Kate you should definitely write the story of how Cinderella becomes a slob after she marries Prince Charming – that would be hilarious!

  • Irene Waters 19 Writer Memoirist

    There is definitely a lot of happiness to be had out there. You just have to be open to it. Great post.

  • MishaBurnett

    I started a reply and then realized that I’m going to have to write a blog of my own to do justice to this theme. Until then I want to leave you with one of my favorite last lines from a film, Decker in “Bladerunner”, as he and Rachel flee the city for points unknown.

    “I didn’t know how much time we would have together, but then, who does?”

  • njmagas

    I don’t care much for HEA either. I mean, in some genres it works, and it’s almost necessary, but for the genres that I usually roll through, I prefer my endings to be more along the lines of “the world kept turning”. As long as it’s not a bloody cliff hanger, I’m usually pretty satisfied.

  • Denise Drespling

    Love this post! I have to say I am a sucker for happy endings, but I’ve come to realize that it’s not so much “picture perfect” that makes it happy, only that it is fulfilling. I’ve read sad stories that had a wonderful ending. The ending made me happy even if life wasn’t perfect for the characters. That’s what I love.

    One of my favorite short stories is “Where Are You Going, Where Have You Been?” by Joyce Carol Oates and it’s because the ending isn’t really an ending. You might think it’s going to be bad, but because the author doesn’t say, the reader can keep hoping it went better. Some people get mad over a non-ending, but sometimes that’s the only ending the writer can give the characters to be fair to them. Sometimes not knowing is more fulfilling.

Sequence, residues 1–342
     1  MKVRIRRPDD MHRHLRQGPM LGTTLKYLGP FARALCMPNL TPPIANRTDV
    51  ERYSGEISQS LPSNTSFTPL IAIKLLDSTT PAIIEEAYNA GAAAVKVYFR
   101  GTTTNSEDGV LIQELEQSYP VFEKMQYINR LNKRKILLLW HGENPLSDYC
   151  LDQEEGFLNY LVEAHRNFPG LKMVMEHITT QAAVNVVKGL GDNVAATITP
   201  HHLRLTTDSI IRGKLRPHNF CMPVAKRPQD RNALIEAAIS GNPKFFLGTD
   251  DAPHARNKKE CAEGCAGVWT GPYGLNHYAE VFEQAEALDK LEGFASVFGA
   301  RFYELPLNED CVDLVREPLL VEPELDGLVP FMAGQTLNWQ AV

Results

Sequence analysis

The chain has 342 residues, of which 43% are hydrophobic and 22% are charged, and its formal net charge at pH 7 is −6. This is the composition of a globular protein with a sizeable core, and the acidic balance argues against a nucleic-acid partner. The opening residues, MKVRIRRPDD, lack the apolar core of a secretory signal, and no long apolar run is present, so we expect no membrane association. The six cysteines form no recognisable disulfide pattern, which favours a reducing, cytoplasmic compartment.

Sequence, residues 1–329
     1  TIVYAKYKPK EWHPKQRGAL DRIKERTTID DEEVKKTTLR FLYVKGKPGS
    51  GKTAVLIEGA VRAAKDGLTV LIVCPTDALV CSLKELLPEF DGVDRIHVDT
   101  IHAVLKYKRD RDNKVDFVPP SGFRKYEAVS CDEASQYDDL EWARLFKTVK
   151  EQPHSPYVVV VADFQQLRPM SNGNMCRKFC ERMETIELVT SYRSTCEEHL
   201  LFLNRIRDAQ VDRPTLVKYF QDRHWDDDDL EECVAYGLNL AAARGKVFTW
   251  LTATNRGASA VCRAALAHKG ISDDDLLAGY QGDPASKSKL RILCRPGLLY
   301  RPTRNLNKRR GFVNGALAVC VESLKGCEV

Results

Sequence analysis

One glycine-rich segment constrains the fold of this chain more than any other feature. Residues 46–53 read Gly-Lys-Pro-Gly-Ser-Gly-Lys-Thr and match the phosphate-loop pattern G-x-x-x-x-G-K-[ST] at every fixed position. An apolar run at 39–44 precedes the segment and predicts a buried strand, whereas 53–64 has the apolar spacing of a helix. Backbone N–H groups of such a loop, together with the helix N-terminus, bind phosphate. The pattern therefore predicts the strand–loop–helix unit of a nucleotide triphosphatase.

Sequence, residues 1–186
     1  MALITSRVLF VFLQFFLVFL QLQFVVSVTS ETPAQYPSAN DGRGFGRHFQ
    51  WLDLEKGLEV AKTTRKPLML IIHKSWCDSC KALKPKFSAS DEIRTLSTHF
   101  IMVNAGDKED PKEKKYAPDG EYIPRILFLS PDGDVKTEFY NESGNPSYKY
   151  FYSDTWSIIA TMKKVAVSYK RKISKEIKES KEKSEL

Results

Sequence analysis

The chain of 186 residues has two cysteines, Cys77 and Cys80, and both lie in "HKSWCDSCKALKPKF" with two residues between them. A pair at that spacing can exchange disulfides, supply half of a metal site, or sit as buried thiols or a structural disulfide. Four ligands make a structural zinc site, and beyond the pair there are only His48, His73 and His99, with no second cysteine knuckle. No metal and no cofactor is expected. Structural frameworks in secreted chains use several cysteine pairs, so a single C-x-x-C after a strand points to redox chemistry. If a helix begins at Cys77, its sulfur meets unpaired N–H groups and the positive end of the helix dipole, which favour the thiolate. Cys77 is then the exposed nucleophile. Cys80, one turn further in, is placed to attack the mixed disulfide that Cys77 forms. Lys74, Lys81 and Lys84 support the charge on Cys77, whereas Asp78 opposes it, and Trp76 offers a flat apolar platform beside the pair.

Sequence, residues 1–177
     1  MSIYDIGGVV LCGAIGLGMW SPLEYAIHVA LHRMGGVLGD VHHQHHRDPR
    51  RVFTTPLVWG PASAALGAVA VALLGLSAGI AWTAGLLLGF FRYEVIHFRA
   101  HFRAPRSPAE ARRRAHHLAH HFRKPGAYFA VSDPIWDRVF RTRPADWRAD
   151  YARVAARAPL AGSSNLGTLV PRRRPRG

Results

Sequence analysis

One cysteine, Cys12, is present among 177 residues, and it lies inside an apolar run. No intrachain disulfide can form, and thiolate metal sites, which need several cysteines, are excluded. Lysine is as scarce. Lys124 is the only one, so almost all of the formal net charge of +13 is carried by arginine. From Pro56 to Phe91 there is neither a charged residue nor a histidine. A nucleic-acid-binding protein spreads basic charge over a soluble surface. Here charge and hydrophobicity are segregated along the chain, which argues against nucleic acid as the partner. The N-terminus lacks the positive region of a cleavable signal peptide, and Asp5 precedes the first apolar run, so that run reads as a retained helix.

• Shah Wharton

    Love this, and I concur!

    You can tie this into the aging process. Youth is the be all and end all, maintaining it is all we strive for (if you read any woman’s magazine). But youth is also a place of false promises and delusion, of ignorance and naivete. Sod HEA, give me a reality I can work with. Sod Prince Charming, give me my hubs – in all his Princeless (priceless) glory. šŸ™‚

    shahwharton.com

  • StuHN

    I’d just be happy with a Happy NOW, and a good after. šŸ™‚

    http://stuartnager.wordpress.com/

  • Charlotte Comley

    A great thought provoking post, thank you. Nice to connect and follow on http://aimingforapublishingdeal.blogspot.co.uk/